In a first, pharma major Wockhardt has got the nod from the Drug Controller General of India (DCGI) for two new antibiotic medicines, which it plans to launch in the Indian market over the next few months. In the last 15 years, there has been no new antibiotic launch in this category (gram-positive bacterial infections) in India.
Wockhardt now plans to take this new drug to emerging markets and is eyeing the Chinese market too through partnerships. China is the largest market for antibiotics globally in terms of volumes.
The firm has a pipeline of three more antibiotic candidates for which, it is planning to start clinical trials soon. It said the new drugs were a result of 20 years of research.
The new drug will target superbug MRSA (Methicillin-resistant Staphylococcus aureus), which is a leading cause of rising antimicrobial resistance (AMR). At present, AMR is a major public health concern globally.
India carries one of the largest burdens of drug-resistant pathogens worldwide. Infections caused by drug-resistant organisms could lead to increased mortality and prolonged duration of hospitalisation. Two million deaths are projected to occur in India due to AMR by the year 2050. Globally, this is likely to touch 10 mn deaths by 2050.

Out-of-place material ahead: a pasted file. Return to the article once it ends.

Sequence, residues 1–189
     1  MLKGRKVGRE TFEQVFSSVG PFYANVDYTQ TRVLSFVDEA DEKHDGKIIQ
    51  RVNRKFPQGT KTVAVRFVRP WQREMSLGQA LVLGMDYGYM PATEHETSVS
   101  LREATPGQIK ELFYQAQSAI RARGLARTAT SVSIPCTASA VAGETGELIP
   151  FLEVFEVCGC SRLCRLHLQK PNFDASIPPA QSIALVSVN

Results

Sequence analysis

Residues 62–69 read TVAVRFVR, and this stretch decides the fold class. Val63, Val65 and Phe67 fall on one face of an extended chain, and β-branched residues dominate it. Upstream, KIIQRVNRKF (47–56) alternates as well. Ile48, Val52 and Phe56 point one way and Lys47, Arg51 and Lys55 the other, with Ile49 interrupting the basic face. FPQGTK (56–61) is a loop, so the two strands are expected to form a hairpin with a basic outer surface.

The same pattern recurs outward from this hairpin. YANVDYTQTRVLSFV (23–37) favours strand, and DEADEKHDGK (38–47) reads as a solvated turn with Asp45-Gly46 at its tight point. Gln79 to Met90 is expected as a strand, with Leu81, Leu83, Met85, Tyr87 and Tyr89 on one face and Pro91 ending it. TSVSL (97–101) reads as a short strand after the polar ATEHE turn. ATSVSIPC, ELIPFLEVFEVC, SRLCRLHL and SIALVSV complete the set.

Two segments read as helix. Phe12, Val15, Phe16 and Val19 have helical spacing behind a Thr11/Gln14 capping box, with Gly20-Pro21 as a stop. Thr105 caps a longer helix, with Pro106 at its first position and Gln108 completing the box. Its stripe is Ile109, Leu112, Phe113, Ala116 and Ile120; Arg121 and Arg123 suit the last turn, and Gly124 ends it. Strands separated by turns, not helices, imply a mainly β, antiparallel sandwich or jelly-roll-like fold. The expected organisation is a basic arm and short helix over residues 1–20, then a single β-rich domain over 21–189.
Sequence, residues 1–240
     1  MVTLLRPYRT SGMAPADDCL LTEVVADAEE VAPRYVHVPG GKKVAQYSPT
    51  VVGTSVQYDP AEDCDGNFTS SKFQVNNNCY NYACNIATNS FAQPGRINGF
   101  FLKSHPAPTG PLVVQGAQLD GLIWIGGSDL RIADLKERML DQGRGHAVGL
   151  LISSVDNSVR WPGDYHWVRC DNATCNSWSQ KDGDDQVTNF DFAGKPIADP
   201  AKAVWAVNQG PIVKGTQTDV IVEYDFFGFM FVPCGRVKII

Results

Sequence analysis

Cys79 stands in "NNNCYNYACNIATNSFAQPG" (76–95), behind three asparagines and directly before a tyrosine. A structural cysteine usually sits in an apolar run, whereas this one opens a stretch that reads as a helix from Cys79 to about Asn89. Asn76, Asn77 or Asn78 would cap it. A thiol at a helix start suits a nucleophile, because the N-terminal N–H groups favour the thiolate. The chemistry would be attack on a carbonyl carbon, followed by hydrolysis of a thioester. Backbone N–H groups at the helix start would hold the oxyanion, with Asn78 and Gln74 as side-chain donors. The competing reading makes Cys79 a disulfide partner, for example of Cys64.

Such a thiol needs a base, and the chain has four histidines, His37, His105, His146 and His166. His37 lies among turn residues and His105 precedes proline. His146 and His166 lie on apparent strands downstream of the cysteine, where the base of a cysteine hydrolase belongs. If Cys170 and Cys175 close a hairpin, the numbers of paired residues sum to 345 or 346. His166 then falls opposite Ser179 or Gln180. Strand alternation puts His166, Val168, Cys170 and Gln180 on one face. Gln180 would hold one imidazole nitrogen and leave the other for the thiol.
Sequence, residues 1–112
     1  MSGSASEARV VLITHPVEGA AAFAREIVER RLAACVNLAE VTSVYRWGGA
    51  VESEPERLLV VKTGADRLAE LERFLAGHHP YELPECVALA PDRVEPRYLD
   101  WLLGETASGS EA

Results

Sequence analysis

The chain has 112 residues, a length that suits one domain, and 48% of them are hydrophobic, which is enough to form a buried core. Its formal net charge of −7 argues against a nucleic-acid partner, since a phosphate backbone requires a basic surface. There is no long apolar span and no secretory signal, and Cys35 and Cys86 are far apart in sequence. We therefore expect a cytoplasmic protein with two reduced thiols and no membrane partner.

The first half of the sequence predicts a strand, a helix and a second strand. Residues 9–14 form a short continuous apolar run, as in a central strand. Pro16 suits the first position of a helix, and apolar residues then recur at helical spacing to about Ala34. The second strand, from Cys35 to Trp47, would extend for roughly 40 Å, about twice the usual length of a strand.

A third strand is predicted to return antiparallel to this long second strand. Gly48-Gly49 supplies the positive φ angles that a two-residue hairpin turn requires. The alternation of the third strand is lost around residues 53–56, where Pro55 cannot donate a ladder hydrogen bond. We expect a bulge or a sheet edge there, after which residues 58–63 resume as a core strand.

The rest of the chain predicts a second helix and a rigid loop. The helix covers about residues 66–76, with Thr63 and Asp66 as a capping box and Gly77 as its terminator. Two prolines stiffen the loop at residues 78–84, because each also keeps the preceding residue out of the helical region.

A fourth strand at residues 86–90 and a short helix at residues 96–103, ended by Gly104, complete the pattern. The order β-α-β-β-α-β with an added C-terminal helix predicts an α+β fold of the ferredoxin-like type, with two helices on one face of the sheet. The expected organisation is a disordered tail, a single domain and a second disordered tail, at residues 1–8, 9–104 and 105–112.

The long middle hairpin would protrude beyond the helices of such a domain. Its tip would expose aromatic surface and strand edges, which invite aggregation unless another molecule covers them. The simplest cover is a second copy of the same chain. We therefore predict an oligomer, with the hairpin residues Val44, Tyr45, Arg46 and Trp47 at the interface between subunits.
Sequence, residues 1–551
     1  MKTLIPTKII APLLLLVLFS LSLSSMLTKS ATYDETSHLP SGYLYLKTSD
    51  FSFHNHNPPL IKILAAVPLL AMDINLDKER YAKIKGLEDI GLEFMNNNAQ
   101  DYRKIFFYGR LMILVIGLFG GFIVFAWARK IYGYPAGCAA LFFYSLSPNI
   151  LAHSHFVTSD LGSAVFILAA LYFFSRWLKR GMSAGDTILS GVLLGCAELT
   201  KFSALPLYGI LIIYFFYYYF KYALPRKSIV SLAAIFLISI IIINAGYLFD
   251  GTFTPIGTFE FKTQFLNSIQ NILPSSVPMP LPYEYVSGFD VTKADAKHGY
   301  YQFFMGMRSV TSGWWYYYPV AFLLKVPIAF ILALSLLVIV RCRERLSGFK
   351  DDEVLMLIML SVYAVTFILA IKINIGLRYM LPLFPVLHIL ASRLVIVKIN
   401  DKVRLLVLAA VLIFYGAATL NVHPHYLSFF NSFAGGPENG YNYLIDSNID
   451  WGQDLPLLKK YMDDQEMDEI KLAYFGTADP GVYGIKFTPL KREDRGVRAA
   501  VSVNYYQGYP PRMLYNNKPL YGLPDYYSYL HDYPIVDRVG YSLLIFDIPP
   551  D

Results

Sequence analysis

Wockhardt’s managing director Murtaza Khorakiwala said that the company thus saw a huge unmet medical need in this segment.
“Wockhardt becomes the first domestic drug maker to get approval for novel antibiotic drugs discovered, developed and manufactured in India,” he added.
The company’s stock prices soared in morning trade after the announcement came in. It was trading at Rs 274.5 a piece on the BSE in the afternoon, up 6 per cent.
DCGI has approved two new antibiotics – Emrok (injectable) and Emrok O (oral) – used for acute bacterial skin and skin structure infections including diabetic foot infections. The approval is based on phase 3 clinical study involving 500 patients in 40 centres across India.
Wockhardt claims that the current antibiotics available in this segment have multiple side effects like potential kidney damage and bone marrow damage. “This limits their use in critically ill patients,” Khorakiwala said adding that Emrok and Emrok O have a better safety profile. It is also one of the most scientifically profiled molecules in this space.
The size of Indian Antibiotic market is approximately Rs 16,000 crore, growing at 7 per cent and is one of the largest therapeutic segment, with a 12 per cent market share of the Indian Pharmaceutical Market.
The World Health Organisation (WHO) in 2017 has listed MRSA as a ‘high’ priority pathogen due to high prevalence of resistance, mortality rate, a burden on community and health care settings. In 2018, a national study conducted by the Indian Council of Medical Research (ICMR) and Anti-microbial resistant surveillance network (AMRSN) group highlighted the high prevalence of 38.6 per cent of MRSA in India. A recent Indian study reports that 1 in 6 patients infected with multidrug-resistant gram-positive infections die in intensive care units.
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